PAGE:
This is the third part in my series on Dave Ramsey’s Baby Steps, a proven personal financial plan. My goal is to explain a really solid money management plan in plain ol’ English, for intelligent yet financially “average” home managers.
If you’re on Baby Step #3, this means you’re debt-free. And when you’re debt-free, it’s a lot easier to start spending money on the little things that really add up, be it worthwhile things like a family vacation. You write your monthly budget, and you don’t owe money to anyone, which means you see a lot more dollars on the income side. But don’t let it slip through your fingers. Pay yourself first. This will be your cushion between you and Murphy, your guarantee that you have absolutely zero excuse to ever take out debt again.
If you’ve been working the Baby Steps, and you paid off your debt using the debt snowball method, that means you can simply start putting the same amount of cash that you were giving to someone else and put it in your savings account instead. If you paid your last Visa payment in February to the tune of $500, just start redirecting that same $500 into your savings account come March. You’re already used to the same lifestyle on the same budget – just keep it up a little while longer and get that emergency fund nice and loaded.
Q: How much should I have in my Emergency Fund?
A: Take note – a fully-funded Emergency Fund should be 3-6 months of your living expenses, not your income. And it should probably be the expenses you’d deem important during a true emergency, not your everyday expenses when life is normal. Ask yourself what you’d pay when you were suddenly facing a job loss. You’re probably looking at your mortgage or rent, utilities, groceries, gas, internet service, and phone service (or just your cell phone). If you’re in the midst of a true emergency, you probably would cut out (or at least pare down) eating out, entertainment, major gift giving, and big purchases that aren’t life and death. That new dress can most likely wait until the emergency has passed.
With this info, let’s pretend using these low-end numbers:
mortgage – $800
utilities – $200
groceries – $300
gas – $150
internet service – $50
cell phone – $75
TOTAL = $1,575
$1,575 x 3 months = $4,725
$1,575 x 6 months = $9,450
With these numbers, you’re looking at somewhere between $5 to $10K. If these were my numbers, I’d play it safe and aim for an even $10,000. Remember that every household is different, so you know what’s important to you. Play with your numbers.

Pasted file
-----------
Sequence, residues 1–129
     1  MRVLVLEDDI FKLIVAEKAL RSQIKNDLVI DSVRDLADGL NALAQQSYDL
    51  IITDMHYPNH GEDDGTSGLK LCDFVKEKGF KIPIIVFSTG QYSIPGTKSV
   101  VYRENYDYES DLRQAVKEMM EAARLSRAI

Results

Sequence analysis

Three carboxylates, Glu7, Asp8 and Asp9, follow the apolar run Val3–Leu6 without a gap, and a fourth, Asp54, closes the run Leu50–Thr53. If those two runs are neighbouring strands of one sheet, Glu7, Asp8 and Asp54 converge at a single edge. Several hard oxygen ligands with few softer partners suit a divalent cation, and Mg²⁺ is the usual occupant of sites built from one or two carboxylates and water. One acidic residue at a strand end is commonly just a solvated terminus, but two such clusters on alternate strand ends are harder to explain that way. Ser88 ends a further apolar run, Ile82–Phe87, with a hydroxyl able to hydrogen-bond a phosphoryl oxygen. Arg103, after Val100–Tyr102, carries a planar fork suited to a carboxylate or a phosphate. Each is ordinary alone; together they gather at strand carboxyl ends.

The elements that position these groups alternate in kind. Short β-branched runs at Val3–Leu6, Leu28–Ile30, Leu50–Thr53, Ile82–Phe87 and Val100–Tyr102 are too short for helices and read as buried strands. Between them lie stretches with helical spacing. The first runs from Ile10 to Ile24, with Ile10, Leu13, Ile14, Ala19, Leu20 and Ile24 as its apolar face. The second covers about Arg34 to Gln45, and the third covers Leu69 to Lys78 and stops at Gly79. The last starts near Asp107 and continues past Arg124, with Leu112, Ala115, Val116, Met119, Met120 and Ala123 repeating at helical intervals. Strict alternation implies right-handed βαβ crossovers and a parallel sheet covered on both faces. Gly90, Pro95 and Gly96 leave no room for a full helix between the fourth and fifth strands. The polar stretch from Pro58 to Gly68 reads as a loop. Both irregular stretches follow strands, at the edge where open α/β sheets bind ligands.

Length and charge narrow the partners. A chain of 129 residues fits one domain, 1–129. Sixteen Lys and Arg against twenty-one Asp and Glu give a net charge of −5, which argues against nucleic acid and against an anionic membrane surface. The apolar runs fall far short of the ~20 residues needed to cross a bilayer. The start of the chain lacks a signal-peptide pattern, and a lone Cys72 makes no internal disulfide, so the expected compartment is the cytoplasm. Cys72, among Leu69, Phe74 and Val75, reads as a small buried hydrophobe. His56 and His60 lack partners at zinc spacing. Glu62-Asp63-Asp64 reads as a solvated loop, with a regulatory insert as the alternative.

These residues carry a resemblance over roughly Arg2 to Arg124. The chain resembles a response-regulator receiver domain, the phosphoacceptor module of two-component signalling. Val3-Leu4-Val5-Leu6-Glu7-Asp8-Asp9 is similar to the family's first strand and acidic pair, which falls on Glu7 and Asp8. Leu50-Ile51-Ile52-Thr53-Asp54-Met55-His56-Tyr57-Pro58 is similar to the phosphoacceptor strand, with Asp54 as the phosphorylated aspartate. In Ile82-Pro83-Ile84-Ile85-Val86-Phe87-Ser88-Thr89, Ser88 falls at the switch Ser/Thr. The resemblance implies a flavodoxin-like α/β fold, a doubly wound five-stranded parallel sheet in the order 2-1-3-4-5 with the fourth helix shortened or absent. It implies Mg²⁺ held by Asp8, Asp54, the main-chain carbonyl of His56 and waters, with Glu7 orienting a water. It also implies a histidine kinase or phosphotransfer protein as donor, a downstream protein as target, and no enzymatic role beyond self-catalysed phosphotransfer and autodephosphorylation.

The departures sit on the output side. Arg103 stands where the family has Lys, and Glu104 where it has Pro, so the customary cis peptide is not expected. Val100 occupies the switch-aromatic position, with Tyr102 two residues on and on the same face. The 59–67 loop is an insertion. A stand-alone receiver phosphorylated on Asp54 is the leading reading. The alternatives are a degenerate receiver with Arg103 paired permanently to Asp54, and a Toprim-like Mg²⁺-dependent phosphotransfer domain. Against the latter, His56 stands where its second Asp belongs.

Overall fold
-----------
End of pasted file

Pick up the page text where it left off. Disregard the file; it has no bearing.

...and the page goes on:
Q: What constitutes an emergency?
A: A job loss, major medical issues, a blown transmission, or some other unexpected event is an emergency. Christmas, prom dresses, and a weekend on the coast are not. It’s perfectly fine to save up for those things, but not in your Emergency Fund. Save for those separately, after your Emergency Fund is finished (this is called “sinking funds,” which I will write about soon).
Q: Where should I park my Emergency Fund?
A: It needs to be completely liquid, which means you need to have instant access to it. Dave says a basic savings account is fine. This is what we personally have – and we also figured we might as well get a decent interest rate while it’s sitting there. I did some research and learned about online banks – banks that have no traditional building, they only exist in cyberspace. If that sounds kinda scary, you’re not alone, but millions of people use internet banks, and since we started, we’ve never looked back.
Because they don’t have overhead fees, they can offer much higher interest rates than your standard brick-and-mortar institution. As an example, our “regular” credit union currently offers a rate of 0.69% on their savings accounts. Our internet bank currently offers 3.40% on their savings accounts – not enough to build wealth, but hey, might as well make money while we’re banking.
So where do we bank? We use ING Direct, which is renowned for its customer service. I’ve been amazed how easy it is to manage our accounts with them, so much so that it’s now our primary banking source. I highly recommend them. There are many reputable online banks – here’s a great resource for starting your research.
Q: How long will this take me?
A: It obviously depends on your interest rate and how much you can deposit monthly, but if you were able to save $1,000 in an ING savings account that earns 3.40%, you’ll reach $10,000 in nine months. Sounds like a chunk of time. It’s worth it, though. Just think – your emergency fund will be set! You can then start saving for some fun things, and except for those emergencies when you have to truly dip into that fund, you no longer have to set aside funds for a “rainy day.” You’ve already done it.
Here’s ING’s nifty little calculator to plug in your own numbers.
Missed other parts of my series?
- Dave Ramsey’s Financial Plan
- The $1k Baby Emergency Fund
- The Debt Snowball
- The Fully-Funded Emergency Fund
- Investing for Retirement
- Saving for Your Kids’ Education
- Pay Off Your Home Mortgage
- Live Like No One Else